BRADENTON -- Tony Walsh's father battled colon cancer for two years before passing away in December 2004.
He fought the disease long enough to see his beloved Boston Red Sox finally win the franchise's first World Series title since 1918.
That's what it means to be a Red Sox fan for the younger Walsh, originally from Marshfield, Mass.
"I could share it with my dad," Walsh said. "He really couldn't walk that well towards the end. So that's what it means to be a Red Sox fan. It's a generational thing. ... We put a pennant on my grandfather's grave. He never got to see the Red Sox win. Never ever, ever, ever, ever. And then he had passed away for 28 years. It's pride."
On Thursday, Walsh was one of the 8,455 fans who sold out McKechnie Field as the Red Sox defeated the Pittsburgh Pirates, 5-1, in a Grapefruit League contest. It was the third-largest crowd in the history of the park.
Many of the fans wore Red Sox gear, including Walsh, who treated his high school basketball coach, Bob Fisher, to Thursday's game.
Walsh, who now lives in Texas, made a weeklong trip to Florida's Suncoast, staying on Siesta Key and catching some games at JetBlue Park in Fort Myers and McKechnie Field.
Thursday's stop was perfect because it enabled him to catch a top-level Boston lineup that featured stars Shane Victorino, Dustin Pedroia, David Ortiz, Hanley Ramirez, Pablo Sandoval and others likely to start Opening Day.
The New England fan base is a rabid bunch hungry for championships.
Another Boston fan, Bradenton resident Roger Weymans, had the day off from work. He made sure to attend the game because he didn't see the Sox last year when they played in Bradenton.
"There's nothing better than the Boston area, Boston sports," said Weymans, from Manchester, N.H.
It's something the players notice. Boston outfielder Shane Victorino spent eight seasons playing in Philadelphia, another city known for its passionate fans.
"It's what it's all about," Victorino said. "You want to play in a place where fans come out and support you. I've been lucky to play in places like Philly (and) here. ... I would say there's a little something about East Coast baseball. These people, they live and die by their sports, and it's just something that's a special thing. I would rather play in a place where people show up, people have their opinion, people cheer, they boo, but it's all a part of what it is. I would rather do that than go somewhere where there is no fans giving you any kind of love."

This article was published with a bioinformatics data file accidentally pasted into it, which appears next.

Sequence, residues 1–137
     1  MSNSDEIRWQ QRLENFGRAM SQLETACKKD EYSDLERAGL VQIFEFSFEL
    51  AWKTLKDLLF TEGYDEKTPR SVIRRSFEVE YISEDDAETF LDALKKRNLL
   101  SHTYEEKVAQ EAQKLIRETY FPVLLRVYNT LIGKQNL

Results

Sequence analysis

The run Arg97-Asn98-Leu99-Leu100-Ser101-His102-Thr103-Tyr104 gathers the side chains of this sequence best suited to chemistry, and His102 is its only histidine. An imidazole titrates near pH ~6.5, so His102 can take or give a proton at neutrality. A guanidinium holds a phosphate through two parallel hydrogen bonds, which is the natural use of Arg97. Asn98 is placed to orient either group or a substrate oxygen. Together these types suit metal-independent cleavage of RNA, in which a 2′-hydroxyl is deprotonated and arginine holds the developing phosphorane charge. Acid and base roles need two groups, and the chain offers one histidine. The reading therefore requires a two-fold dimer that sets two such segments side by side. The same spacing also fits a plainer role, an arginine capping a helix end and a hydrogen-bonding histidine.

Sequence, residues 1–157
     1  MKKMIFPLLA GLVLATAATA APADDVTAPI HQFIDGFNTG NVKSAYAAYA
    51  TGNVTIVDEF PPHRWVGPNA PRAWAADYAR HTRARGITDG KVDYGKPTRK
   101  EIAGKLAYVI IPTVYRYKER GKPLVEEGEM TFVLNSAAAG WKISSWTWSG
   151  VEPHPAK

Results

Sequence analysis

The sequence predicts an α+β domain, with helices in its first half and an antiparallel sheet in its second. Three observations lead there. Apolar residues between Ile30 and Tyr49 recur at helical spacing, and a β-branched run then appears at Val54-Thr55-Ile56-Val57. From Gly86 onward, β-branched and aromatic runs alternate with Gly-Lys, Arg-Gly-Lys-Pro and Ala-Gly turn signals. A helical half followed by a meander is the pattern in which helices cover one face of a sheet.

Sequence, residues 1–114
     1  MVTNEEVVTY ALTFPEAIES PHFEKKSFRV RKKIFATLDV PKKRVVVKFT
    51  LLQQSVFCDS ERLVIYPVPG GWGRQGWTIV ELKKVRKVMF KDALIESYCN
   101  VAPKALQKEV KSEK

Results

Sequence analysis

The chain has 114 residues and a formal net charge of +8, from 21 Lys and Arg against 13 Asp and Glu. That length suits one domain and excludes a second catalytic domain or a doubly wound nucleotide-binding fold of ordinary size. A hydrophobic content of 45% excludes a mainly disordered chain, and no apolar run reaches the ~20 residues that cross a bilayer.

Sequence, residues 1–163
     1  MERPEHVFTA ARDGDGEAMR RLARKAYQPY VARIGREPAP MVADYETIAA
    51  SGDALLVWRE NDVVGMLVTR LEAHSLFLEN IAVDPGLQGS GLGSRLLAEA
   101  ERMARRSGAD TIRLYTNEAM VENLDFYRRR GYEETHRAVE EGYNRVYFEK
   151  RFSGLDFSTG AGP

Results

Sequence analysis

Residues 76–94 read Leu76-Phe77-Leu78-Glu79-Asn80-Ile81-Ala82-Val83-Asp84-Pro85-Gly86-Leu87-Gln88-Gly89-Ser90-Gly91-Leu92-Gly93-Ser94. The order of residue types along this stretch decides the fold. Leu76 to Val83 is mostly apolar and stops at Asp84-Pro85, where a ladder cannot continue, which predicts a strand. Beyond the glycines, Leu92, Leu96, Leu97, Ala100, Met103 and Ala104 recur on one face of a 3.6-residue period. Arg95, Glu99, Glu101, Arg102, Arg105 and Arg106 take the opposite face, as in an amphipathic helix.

Victorino said it's even great during spring training to see the support.
"They've got a big following," said Victorino about Red Sox fans. "I remember playing against those guys, the Red Sox, in interleagues. They always had a big following. Always had Red Sox fans everywhere. After we won the World Series in '13, that offseason, the recognition and love of Red Sox fans is everywhere."
Fisher, Walsh's basketball coach, has been a Red Sox fan for many years, suffering through the low periods of the 1960s and 1970s before Boston made an appearance in the 1986 World Series. That series is known for Bill Buckner's fielding gaffe in Game 6 that led to a New York Mets comeback and eventual Fall Classic crown.
"Going to a game is like going to a wedding," said Fisher, who is originally from Rockland, Mass., and resides in Clearwater. "Everybody is enjoying themselves and having fun. You're celebrating. ... There's something about if you go to Boston, you have to see Fenway Park."
Walsh -- who also brought his family to the game, including his wife, a Pirates fan -- said he sees the Red Sox in person when they visit Arlington, Texas, to play the Rangers. He'll also catch games in Houston when Boston stops by and makes about three games back at Fenway Park. But this was his first spring training experience at McKechnie, which he said he prefers over the spring home of the Sox, which is referred to as "Fenway South" in Fort Myers.
"I prefer it to JetBlue, I'll tell you that right now, because it's quaint," said Walsh about McKechnie.